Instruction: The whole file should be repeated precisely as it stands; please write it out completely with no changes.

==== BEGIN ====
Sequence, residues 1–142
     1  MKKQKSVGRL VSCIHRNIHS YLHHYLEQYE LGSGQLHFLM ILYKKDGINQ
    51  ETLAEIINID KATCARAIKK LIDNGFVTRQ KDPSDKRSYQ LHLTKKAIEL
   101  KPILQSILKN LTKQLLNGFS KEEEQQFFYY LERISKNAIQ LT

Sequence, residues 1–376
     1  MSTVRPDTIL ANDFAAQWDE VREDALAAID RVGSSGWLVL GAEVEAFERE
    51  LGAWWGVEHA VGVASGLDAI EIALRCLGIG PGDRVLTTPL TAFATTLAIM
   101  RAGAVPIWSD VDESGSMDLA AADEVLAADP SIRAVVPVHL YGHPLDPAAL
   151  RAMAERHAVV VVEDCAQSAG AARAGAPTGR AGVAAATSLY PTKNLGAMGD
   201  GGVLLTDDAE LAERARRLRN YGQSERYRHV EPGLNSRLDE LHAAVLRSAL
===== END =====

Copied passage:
Sequence, residues 1–142
     1  MKKQKSVGRL VSCIHRNIHS YLHHYLEQYE LGSGQLHFLM ILYKKDGINQ
    51  ETLAEIINID KATCARAIKK LIDNGFVTRQ KDPSDKRSYQ LHLTKKAIEL
   101  KPILQSILKN LTKQLLNGFS KEEEQQFFYY LERISKNAIQ LT

Sequence, residues 1–376
     1  MSTVRPDTIL ANDFAAQWDE VREDALAAID RVGSSGWLVL GAEVEAFERE
    51  LGAWWGVEHA VGVASGLDAI EIALRCLGIG PGDRVLTTPL TAFATTLAIM
   101  RAGAVPIWSD VDESGSMDLA AADEVLAADP SIRAVVPVHL YGHPLDPAAL
   151  RAMAERHAVV VVEDCAQSAG AARAGAPTGR AGVAAATSLY PTKNLGAMGD
   201  GGVLLTDDAE LAERARRLRN YGQSERYRHV EPGLNSRLDE LHAAVLRSAL